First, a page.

One happened in small town Tennessee, where a family is first threatened by noises, which grow to more physical manifestations, threats of death, and a reappearance decades later.
The other is in small town Connecticut, where a recently remarried woman finds that her new husband's interest in the paranormal seems to threaten her children, and bring her unpleasant notoriety.
Each of the men has their own take on the situations, with some agreement but it is a woman author who tells the last story and whose intellect is a match for the mens'.

A Chill in the Air

Finished February 12
A Chill in the Air: An Italian War Diary, 1939-1940 by Iris Origo

This diary was a fascinating look into the experience of being in a country at a very uncertain time. Iris Origo was the daughter of a British mother and an American father. Her father died when she was a young child, and left instructions that she not be raised in either of her parent's home countries, but somewhere else, where she could be free of nationalistic feeling. He suggested Italy, His widow, Iris's mother Sybil followed his advice. She rented, then bought a villa in the hills above Florence and raised Iris there. Iris was a debutante three times, in Florence, London, and New York, but she fell in love with an Italian, Antonio Origo. Together, they defied both their families' plans for them and bought an estate in southern Tuscany that was in very bad shape. The estate included twenty-five farms. The young couple were determined to return the land to fertility and its inhabitants to prosperity. Following the death of her young son Gianni in 1933, she spent some time away, mostly in England, but was back home at the estate by the time that war rumours were beginning.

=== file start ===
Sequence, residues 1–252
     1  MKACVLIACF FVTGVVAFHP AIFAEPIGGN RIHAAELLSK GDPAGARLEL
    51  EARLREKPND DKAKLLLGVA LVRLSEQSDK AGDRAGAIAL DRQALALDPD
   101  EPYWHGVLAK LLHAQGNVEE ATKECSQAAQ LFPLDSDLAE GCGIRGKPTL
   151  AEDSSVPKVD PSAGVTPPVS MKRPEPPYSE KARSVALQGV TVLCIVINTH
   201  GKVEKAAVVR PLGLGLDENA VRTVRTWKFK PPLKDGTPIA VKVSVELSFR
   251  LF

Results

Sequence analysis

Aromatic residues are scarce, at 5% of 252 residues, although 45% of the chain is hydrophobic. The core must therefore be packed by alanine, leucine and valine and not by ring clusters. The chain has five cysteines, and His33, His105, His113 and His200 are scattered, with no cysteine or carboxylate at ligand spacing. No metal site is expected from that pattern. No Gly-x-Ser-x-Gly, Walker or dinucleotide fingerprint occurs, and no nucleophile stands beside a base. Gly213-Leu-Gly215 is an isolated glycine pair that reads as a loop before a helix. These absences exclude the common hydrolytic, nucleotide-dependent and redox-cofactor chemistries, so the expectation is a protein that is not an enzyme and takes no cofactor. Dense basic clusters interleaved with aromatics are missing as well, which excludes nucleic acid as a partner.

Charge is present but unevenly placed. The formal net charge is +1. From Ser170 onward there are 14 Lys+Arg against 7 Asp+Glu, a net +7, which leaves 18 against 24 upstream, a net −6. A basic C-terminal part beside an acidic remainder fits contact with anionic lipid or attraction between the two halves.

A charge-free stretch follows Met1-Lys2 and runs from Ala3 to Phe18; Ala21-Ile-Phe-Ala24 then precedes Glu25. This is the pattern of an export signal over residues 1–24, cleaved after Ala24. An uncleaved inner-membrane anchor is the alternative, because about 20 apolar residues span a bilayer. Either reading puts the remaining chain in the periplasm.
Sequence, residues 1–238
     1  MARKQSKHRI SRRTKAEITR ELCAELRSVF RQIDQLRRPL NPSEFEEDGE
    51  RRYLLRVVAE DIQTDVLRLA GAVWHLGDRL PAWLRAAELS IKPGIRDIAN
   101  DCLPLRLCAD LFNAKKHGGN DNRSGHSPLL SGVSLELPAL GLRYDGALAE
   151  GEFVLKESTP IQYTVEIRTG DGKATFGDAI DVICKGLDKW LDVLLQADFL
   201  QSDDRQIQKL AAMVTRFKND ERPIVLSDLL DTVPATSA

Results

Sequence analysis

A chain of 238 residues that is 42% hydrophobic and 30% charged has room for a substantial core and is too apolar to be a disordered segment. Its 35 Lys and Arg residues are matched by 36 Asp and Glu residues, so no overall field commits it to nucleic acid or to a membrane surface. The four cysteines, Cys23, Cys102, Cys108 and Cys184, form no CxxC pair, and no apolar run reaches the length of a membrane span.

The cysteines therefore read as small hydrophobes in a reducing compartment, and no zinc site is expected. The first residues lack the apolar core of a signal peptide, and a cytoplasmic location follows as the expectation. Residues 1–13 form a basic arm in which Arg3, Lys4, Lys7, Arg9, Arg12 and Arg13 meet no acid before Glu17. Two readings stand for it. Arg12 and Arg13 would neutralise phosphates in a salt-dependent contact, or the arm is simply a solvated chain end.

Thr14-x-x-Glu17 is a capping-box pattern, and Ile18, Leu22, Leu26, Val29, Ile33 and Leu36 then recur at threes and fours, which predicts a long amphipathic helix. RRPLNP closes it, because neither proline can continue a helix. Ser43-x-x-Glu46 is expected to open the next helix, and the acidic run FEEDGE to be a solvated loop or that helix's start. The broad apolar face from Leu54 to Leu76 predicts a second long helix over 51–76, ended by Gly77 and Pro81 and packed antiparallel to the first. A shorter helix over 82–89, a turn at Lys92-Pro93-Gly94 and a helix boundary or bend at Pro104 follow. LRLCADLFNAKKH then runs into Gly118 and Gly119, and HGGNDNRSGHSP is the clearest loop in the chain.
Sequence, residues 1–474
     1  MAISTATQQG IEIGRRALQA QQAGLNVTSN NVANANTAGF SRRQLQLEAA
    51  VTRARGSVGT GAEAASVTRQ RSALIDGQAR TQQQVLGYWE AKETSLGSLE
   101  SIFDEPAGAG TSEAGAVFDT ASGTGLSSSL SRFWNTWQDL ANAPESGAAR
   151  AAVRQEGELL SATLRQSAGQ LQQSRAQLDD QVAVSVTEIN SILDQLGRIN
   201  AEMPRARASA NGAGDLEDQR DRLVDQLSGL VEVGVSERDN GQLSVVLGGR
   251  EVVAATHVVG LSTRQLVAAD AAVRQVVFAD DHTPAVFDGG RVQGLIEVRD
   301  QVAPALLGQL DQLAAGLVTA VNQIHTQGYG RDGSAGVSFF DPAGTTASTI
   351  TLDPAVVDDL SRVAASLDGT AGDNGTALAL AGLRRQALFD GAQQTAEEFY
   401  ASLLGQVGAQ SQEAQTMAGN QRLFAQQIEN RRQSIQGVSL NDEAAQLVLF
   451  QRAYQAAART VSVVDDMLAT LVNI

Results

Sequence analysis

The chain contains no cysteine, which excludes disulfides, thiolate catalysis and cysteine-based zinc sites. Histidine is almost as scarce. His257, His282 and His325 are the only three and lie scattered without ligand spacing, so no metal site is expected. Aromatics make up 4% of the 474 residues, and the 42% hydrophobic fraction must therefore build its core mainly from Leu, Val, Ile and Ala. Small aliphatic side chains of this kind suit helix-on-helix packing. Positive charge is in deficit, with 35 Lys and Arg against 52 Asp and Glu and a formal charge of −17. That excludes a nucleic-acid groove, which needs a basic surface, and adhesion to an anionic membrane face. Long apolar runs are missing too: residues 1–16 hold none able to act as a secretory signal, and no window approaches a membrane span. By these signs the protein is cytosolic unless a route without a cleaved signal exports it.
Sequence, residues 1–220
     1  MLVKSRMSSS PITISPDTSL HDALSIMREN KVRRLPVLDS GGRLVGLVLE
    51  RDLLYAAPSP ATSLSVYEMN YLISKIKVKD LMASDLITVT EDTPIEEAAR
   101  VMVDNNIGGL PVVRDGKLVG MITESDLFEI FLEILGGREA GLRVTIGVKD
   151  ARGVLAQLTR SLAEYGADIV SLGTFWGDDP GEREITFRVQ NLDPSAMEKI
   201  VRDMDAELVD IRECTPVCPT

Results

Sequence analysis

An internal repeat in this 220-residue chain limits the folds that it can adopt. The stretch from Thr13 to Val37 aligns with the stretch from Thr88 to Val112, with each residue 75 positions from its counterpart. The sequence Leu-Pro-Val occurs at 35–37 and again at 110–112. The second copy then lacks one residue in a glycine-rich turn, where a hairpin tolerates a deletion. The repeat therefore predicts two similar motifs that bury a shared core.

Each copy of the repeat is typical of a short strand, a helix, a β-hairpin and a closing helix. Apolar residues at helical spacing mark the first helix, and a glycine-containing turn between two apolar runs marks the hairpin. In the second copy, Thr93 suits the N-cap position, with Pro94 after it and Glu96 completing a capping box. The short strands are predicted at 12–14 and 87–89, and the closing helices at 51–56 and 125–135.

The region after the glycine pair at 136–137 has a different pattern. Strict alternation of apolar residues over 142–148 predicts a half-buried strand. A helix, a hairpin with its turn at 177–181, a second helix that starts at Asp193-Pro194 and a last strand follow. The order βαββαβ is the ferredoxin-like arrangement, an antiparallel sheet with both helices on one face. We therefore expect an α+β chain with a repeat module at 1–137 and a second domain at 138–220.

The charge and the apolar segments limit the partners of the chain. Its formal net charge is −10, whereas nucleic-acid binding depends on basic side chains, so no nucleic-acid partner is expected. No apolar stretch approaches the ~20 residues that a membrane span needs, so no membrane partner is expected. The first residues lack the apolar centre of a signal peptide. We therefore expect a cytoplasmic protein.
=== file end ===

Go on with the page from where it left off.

Iris's godfather was William Phillips, the American Ambassador in Rome, and she had a multitude of other highly placed connections, both socially and politically. She had befriended Virginia Wolff during her time in London, and both she and Antonio were well-liked among the local people.
This diary is about her feelings and reactions to what is going on politically and was meant for her eyes alone, as she sorted through what was happening around her. It doesn't include her private life at all. She kept another diary later in the war covering the years 1943-1944 and it was published in 1947, showing the actions of many of the Italian people during this time, and doing much good for the country's reputation following the war.
I was fascinated by this book, and really got a sense of what was happening, from the feelings of the people for Mussolini, the propaganda that was distributed, and the uncertainty for the future.

Tuesday, 19 February 2019

Queenie Quail Can't Keep Up

Finished February 9
Queenie Quail Can't Keep Up by Jane Whittingham, illustrated by Emma Pedersen

This engaging picture book uses word repetition, alliteration, imagery, and onomatopoeia to bring the story of this young bird and her family to life. As Queenie's parents and siblings rush around around, she keeps getting distracted by the interesting things around her, noticing other creatures, plants, and other bits of the world around her. It is only when her wider outlook on the world enables her to sense danger before the rest of her brood that they begin to value her unique way of being.